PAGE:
There is a great deal of advertising that’s better than the product. When that happens, all that the good advertising will do is put you out of business faster. There have been cases where the product had to come up to the advertising but when the product fails to do that, the advertiser will eventually run into a lot of trouble.

But then in 2008, Obama and his campaign staff, non-official and otherwise, were far more interested in making the initial sale than in providing a product that would keep customers satisfied over the long haul. And as was known forty years ago by Draper’s real-life counterparts, the advertiser eventually has run into a lot of trouble now that it’s been rather strongly established that the product in no way matches the ad campaign.


Meanwhile, Ed Morrissey of Hot Air, and Quin Hillyer of the American Spectator, and others are asking for a new salesman to be assigned to the account. Hillyer unloads quite a stemwinder of a lede asking, “If Only Obama Would Abdicate:”

This boringly ineffective would-be demagogue in the Oval Office keeps trotting out the same tired, petty, counterfactual lines in every one of his pompous, detached-from-reality speeches — and he did so again in his Saturday radio address. So shopworn is his refrain, and so counterproductive are his policies (both enacted and proposed), that the markets tank just about every time he opens his mouth, and the economy suffers with each minute he continues to occupy the White House. His resignation from office, in abject embarrassment at his failures, would be a great first step toward economic recovery, not to mention a balm to the souls of tens of millions of Americans sick of his condescension, his prevarications, and his incompetence.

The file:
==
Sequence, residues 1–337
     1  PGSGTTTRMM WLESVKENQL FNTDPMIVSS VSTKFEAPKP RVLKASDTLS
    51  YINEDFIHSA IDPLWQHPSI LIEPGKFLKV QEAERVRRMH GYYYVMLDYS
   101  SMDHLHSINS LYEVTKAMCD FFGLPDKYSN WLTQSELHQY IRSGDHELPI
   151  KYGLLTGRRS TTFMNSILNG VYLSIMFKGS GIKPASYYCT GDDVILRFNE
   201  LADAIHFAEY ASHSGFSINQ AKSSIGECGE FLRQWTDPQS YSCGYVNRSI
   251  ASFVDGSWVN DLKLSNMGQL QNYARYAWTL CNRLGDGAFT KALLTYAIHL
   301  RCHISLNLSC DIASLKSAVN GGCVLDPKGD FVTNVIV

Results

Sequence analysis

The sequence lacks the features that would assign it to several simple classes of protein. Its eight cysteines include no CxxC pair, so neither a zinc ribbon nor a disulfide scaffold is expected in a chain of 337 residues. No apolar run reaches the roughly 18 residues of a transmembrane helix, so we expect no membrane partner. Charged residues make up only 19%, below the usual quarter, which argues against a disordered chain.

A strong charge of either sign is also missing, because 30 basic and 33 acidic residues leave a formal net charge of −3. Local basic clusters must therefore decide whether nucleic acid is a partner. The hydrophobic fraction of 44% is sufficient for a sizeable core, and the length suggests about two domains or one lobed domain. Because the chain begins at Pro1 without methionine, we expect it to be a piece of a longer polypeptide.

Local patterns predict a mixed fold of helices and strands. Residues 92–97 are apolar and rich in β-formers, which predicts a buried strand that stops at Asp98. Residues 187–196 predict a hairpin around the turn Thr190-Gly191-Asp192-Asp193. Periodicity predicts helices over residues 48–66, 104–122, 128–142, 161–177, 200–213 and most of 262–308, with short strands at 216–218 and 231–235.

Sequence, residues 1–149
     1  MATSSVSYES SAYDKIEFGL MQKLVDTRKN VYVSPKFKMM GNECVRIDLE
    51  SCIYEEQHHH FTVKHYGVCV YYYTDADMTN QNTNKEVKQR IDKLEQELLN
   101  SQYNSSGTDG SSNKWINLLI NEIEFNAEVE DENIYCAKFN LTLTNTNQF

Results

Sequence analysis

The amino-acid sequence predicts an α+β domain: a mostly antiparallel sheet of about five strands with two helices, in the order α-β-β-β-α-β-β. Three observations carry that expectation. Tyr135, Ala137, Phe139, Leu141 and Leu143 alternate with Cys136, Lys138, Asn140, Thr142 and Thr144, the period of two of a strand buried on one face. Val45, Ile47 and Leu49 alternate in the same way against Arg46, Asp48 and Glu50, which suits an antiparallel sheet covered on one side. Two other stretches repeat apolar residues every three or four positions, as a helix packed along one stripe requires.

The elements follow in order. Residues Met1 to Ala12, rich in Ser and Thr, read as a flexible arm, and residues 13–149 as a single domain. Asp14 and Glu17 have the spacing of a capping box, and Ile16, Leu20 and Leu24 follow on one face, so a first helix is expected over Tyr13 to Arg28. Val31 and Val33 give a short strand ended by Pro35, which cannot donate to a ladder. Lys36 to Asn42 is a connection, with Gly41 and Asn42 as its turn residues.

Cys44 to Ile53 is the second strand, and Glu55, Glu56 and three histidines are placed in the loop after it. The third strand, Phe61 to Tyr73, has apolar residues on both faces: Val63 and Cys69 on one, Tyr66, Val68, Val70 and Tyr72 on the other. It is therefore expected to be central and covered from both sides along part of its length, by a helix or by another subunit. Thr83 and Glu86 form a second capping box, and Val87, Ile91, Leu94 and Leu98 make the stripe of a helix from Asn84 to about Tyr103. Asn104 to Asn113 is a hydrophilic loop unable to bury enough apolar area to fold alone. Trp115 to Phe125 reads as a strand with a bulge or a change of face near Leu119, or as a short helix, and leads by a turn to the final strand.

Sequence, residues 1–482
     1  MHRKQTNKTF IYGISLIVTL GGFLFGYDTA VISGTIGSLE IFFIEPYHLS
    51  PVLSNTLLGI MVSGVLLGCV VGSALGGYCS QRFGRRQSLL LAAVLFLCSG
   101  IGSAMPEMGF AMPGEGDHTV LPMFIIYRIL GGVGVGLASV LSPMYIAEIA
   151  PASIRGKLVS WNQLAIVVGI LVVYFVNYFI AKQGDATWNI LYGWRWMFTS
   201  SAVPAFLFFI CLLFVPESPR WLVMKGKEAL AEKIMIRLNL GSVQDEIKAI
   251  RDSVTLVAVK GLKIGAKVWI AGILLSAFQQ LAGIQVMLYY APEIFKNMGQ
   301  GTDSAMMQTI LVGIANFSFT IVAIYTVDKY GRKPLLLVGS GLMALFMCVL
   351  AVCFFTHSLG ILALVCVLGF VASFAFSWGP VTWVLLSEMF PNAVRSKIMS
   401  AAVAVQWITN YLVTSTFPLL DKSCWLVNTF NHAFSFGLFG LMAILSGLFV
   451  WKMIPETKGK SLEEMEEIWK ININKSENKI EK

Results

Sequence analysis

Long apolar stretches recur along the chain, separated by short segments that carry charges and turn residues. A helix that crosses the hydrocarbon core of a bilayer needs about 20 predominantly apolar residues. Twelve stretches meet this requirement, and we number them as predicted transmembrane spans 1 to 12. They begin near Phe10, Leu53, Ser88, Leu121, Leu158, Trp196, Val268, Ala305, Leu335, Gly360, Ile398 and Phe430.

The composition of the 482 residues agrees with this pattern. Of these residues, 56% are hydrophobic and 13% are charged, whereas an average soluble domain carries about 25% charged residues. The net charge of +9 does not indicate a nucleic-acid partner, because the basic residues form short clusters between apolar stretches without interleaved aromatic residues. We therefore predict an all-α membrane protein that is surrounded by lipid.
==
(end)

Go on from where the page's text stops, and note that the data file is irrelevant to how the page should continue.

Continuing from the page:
Of course this man’s ego won’t let him resign, but just think: Vice President Joe Biden, for all his blarney, is a naturally ebullient “people person,” a dealmaker, and more a conventional liberal politician than an ideologue. If he ascended to the presidency, the markets would immediately take heart that some sort of rough progress could be fashioned despite Washington’s bitter divide. His tone alone would improve the confidence of both consumers and investors and help unleash the “animal spirits” that are necessary for an economy to grow.

Let Barack The One Obama take his hectoring lecturing back to some university classroom somewhere, while the rest of us get about the business of reviving the country we so love. Ahh, we can only wish….


Unlike 2002, when New Jersey Democrat Robert Torricelli withdrew from his reelection bid in a cloud of corruption too thick for even a New Jersey Democrat, it seems safe to say that in 2011, the Torch will not be passed to a new generation, thus making next year potentially quite a barn-burner of a campaign for whoever Obama’s opposition in the GOP will be.

Of course, there are still some pockets where magical thinking continues to reign supreme. The New York Times, channeling the ghost of Pauline Kael, where Republicans are outside the ken of New York elitists, finds the anger against Obama all rather unexpectedly “surprising.”